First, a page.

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North Horr - Loiyangalani

It is good to have an end to journey towards but in the end it is the journey that matters

sunny 40 °C
View The Journey to the Jade Sea - Northern Kenya 2015 on Grete Howard's travel map.

Day five of our Journey to the Jade Sea with Undiscovered Destinations.

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Finding it hard to sleep at 38 °C, I wake several times in the night. From outside the room I can hear loud meowing and moreover the sound of buzzing around the mosquito net: both hoping to get inside. As with elsewhere in North Kenya on this trip, it is totally, utterly pitch black. Eventually my bladder wins the battle of wills, and I get up to use the loo, swinging my legs over the side of the bed as I grab my torch from the bedside table. There is something soft against my legs! I gasp audibly and switch the torch on. In the beam I can see a pair of eyes staring back me. I gasp once more, and my heart begins to beat faster – until I realise the cat has somehow managed to get into the room during the night. We have another cuddle for a while, before the kitty is once again shown the door.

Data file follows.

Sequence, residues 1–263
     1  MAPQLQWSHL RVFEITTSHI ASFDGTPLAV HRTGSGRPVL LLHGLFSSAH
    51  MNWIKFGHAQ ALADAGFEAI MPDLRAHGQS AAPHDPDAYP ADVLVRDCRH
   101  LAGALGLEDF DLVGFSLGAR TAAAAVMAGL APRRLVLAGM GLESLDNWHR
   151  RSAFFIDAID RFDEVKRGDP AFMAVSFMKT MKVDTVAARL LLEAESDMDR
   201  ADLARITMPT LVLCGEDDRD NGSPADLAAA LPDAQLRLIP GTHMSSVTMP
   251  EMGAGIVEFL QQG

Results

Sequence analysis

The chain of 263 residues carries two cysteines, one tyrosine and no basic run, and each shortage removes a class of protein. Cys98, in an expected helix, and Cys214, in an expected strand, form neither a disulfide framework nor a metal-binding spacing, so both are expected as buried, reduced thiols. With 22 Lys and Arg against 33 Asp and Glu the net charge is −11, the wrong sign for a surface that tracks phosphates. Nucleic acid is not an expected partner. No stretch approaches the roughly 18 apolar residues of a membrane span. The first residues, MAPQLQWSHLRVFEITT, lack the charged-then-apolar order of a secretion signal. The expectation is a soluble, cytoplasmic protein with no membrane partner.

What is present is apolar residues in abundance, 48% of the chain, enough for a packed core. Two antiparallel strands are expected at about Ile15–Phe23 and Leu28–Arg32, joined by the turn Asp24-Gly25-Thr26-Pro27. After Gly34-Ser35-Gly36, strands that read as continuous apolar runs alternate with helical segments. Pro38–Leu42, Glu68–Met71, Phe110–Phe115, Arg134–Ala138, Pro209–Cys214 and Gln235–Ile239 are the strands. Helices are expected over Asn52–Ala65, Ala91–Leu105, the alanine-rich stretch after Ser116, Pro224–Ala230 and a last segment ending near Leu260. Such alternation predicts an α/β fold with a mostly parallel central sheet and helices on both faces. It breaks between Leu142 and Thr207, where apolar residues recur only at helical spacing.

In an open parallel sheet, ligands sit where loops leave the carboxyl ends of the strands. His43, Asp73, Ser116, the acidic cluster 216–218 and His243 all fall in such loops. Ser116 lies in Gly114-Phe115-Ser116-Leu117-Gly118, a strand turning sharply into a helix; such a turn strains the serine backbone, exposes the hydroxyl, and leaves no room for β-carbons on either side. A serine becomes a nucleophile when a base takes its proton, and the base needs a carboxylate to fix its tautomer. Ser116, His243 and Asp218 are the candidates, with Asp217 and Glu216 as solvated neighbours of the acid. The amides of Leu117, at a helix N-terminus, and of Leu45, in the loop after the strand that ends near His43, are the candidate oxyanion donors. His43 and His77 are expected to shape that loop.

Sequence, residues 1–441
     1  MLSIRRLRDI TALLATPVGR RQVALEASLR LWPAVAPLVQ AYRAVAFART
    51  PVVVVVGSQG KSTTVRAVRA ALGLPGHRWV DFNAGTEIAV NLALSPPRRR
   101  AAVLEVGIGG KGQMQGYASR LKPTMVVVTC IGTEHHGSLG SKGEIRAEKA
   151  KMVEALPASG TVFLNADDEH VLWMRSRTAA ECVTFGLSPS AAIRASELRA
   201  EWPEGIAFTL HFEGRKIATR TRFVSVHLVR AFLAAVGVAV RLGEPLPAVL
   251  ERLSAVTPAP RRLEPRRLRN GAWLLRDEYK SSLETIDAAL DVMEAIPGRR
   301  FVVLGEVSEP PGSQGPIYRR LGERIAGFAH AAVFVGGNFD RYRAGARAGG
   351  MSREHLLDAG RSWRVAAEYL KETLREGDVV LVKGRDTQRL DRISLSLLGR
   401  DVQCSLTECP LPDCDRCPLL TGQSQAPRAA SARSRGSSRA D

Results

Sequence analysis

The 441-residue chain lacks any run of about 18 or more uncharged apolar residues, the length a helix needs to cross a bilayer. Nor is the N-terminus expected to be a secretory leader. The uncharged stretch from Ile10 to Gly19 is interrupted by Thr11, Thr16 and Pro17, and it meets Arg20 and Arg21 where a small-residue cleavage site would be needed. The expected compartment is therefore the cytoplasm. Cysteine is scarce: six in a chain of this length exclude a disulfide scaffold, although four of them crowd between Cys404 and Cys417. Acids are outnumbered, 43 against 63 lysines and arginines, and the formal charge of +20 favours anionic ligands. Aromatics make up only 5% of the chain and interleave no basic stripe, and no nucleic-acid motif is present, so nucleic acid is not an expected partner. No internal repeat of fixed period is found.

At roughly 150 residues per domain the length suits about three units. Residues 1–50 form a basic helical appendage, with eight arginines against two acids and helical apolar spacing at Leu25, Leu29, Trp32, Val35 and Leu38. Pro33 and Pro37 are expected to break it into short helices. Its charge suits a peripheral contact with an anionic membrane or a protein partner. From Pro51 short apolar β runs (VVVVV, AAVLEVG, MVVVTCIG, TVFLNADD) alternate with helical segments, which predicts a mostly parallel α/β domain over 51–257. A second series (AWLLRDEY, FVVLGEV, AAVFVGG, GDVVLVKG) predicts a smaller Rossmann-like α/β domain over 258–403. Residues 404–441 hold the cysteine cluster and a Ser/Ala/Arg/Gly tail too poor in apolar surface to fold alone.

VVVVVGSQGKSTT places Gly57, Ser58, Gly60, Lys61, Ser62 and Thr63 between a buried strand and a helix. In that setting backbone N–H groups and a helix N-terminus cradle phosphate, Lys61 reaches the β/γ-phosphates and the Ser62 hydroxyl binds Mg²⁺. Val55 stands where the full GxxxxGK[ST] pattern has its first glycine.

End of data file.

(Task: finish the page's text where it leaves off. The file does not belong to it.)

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Managing to catch a few more hours of sleep, I get up early to see the sand grouse which fly over North Horr every morning just after sunrise on their way from the local waterhole. For the best part of half an hour, the sky is filled with birds: there must be thousands of them! What an amazing sight!

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When we've just finished eating a hearty breakfast of beans, tomatoes, onions and bread, Sister Annicia brings us freshly made mandazi, a very common local food, not dissimilar to a doughnut. They are popular in this part of East Africa, as they can be eaten in accompaniment with many things. They are usually made in the morning or the night before, eaten with breakfast, then re-heated in the evening for dinner.